How EPA’s hazardous waste protection actually kills Americans
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The Trump-appointed head of the EPA, Scott Pruitt, last month announced a plan to reform the agency’s “Superfund” program, created in 1980 to clean up hazardous waste sites such as old industrial properties and landfills.

The Wall Street Journal praised the proposed change, arguing the “Superfund has too often become a sinecure for the bureaucracy and a cash cow for lawyers. EPA staff offices can wait years or decades to assess a Superfund site, figure out who’s liable for what, consult with the community, decide on a remedy and assign the actual work.”


It’s actually much worse than that. Superfund (officially, the Comprehensive Environmental Response, Compensation and Liability Act) for decades has been one of the EPA’s greatest travesties.


Originally intended to clean up and reduce the risk of toxic-waste sites, it was conceived as a short-term project — $1.6 billion over five years, to clean up some 400 sites (by law, at least one per state and, not coincidentally, about one per congressional district). But it has grown into one of the nation’s largest public-works projects: more than $30 billion spent on about 1,300 sites. 

How could cleaning up toxic-waste sites not be a good thing? Well, various studies have attempted to evaluate the impacts of Superfund’s massive and costly cleanups, but the results are equivocal. Putting that another way, after the expenditure of tens of billions of dollars — no beneficial results have been demonstrable. 

On the other hand, some Superfund projects have definitely caused harm.

University of California Davis economics professor J. Paul Leigh has analyzed the occupational hazards of environmental cleanup projects and concluded that the risk of fatality to the average cleanup worker — a dump-truck driver involved in a collision, say, or a laborer run over by a bulldozer — is considerably larger than the cancer risks to individual residents that might result from exposure to untreated sites. EPA official Carl Mazza admitted that the agency is aware that Superfund policies often conflict with risk analysis, but “political considerations” prevent rational, data-driven decision-making.

EPA’s insistence on too extensive a cleanup is one problem with the implementation of Superfund remediation. In his excellent book, “Breaking the Vicious Circle,” Supreme Court Justice Stephen Breyer (then a lower-court judge) addressed the EPA’s counterproductive efforts to eliminate the “last 10 percent” of risk from a substance or activity, noting that it involves “high cost, devotion of considerable agency resources, large legal fees, and endless argument,” with only limited, incremental benefit. He quotes an EPA official as observing “about 95 percent of the toxic material could be removed from [Superfund] waste sites in a few months, but years are spent trying to remove the last little bit.”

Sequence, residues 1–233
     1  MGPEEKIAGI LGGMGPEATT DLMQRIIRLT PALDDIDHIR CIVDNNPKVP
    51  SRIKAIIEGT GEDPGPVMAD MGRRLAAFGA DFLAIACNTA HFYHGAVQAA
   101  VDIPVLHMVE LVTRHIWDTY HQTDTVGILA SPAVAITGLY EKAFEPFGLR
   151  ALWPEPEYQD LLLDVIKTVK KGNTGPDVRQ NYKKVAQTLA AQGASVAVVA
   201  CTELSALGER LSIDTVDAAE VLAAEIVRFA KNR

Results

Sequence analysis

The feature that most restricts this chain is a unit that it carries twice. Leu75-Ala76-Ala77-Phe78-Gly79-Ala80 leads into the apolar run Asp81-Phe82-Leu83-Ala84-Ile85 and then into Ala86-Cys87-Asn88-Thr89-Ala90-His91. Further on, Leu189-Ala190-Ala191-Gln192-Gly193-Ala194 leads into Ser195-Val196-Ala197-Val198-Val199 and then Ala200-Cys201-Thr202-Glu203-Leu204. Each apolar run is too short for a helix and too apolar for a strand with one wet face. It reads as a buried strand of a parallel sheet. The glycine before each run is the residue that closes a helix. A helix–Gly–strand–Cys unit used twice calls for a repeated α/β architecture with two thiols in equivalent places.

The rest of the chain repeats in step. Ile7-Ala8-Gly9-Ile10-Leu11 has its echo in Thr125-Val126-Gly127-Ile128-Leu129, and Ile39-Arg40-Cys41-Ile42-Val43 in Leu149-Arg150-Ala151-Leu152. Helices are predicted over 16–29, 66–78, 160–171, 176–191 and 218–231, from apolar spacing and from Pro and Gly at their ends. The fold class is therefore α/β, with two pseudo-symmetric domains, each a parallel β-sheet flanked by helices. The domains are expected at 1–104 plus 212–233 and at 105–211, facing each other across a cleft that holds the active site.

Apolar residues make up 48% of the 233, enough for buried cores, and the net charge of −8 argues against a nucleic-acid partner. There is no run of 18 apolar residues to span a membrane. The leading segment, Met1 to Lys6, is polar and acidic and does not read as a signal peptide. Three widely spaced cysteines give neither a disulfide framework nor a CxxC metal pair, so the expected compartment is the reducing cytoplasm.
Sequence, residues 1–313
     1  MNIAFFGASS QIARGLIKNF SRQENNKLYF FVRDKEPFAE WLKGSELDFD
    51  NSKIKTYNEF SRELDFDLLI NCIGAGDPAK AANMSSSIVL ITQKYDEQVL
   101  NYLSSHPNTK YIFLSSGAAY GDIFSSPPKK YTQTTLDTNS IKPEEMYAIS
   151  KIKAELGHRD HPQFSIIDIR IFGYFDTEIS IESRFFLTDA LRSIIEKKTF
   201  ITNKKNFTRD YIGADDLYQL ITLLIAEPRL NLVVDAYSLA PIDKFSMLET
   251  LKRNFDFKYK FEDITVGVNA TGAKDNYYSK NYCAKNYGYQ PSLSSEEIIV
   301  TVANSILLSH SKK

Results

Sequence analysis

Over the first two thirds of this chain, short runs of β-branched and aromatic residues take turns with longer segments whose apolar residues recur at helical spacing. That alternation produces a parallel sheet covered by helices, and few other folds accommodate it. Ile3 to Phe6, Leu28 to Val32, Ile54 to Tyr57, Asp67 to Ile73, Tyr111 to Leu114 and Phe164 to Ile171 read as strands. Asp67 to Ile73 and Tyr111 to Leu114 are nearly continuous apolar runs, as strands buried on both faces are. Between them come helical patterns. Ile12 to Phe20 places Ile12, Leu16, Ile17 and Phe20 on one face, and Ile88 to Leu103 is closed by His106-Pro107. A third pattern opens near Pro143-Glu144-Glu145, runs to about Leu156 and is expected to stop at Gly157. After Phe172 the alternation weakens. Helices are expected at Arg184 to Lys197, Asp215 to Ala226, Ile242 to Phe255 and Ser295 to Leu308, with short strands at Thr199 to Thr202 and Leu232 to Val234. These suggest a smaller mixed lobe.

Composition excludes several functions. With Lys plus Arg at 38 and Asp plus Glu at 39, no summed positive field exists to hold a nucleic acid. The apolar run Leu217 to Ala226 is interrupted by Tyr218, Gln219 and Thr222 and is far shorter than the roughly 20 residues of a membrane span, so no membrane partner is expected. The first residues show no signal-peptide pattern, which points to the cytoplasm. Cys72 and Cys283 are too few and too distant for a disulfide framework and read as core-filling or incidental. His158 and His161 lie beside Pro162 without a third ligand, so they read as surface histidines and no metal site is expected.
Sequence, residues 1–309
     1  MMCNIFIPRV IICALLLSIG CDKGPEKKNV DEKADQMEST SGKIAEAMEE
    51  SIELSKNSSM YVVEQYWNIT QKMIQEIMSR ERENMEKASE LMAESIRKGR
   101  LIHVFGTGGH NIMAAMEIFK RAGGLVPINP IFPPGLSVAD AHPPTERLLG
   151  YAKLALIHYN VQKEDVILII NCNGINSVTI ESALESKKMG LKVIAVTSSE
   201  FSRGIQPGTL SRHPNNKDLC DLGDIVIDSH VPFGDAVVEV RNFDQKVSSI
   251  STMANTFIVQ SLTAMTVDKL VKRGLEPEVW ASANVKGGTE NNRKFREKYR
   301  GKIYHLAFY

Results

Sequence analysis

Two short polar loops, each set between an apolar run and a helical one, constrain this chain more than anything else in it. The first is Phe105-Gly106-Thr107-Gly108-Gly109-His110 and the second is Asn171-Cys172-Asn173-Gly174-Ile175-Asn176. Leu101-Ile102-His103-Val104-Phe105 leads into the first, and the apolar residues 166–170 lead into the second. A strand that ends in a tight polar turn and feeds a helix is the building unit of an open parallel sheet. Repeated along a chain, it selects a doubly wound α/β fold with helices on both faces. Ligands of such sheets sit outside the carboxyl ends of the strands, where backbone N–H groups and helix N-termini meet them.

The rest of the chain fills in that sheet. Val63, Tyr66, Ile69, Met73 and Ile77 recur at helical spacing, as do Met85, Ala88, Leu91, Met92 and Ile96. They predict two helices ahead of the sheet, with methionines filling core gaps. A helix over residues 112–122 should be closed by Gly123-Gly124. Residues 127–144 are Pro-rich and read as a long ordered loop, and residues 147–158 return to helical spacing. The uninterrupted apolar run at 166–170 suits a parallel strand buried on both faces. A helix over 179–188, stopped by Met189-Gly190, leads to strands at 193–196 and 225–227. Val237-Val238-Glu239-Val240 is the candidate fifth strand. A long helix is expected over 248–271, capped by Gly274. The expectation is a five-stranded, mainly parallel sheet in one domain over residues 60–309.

Even former EPA administrator William Reilly admitted that Superfund’s risk-assessment paradigms are flawed. In a 2016 speech at Stanford University while a visiting lecturer, he described the excessive costs of basing cleanups on exaggerated worst-case scenarios, while stifling an area’s potential.

“The risks [Superfund] addresses are worst-case, hypothetical present and future risks to the maximum exposed individual, i.e., one who each day consumes two liters of water contaminated by hazardous waste,” he said.

“The program at one time aimed to achieve a risk range in its cleanups adequate to protect the child who regularly ate liters of dirt,” Reilly said. “And it formerly assumed that all sites, once cleaned up, would be used for residential development, even though many lie within industrial zones. Some of these assumptions have driven clean-up costs to stratospheric levels and, together with liabilities associated with Superfund sites, have resulted in inner-city sites suitable for redevelopment remaining derelict and unproductive.” 

The bottom line is that Superfund has not only been a dismal failure at cleanups but is a net killer of Americans. As the poster-child for what OMB Director Mick Mulvaney called federal programs that “sound good” but don’t work — it needs radical reform and diligent oversight.

Henry I. Miller, a physician and molecular biologist, is the Robert Wesson Fellow in Scientific Philosophy and Public Policy at Stanford University’s Hoover Institution. He was the founding director of the FDA’s Office of Biotechnology.

 The views expressed by contributors are their own and not the views of The Hill.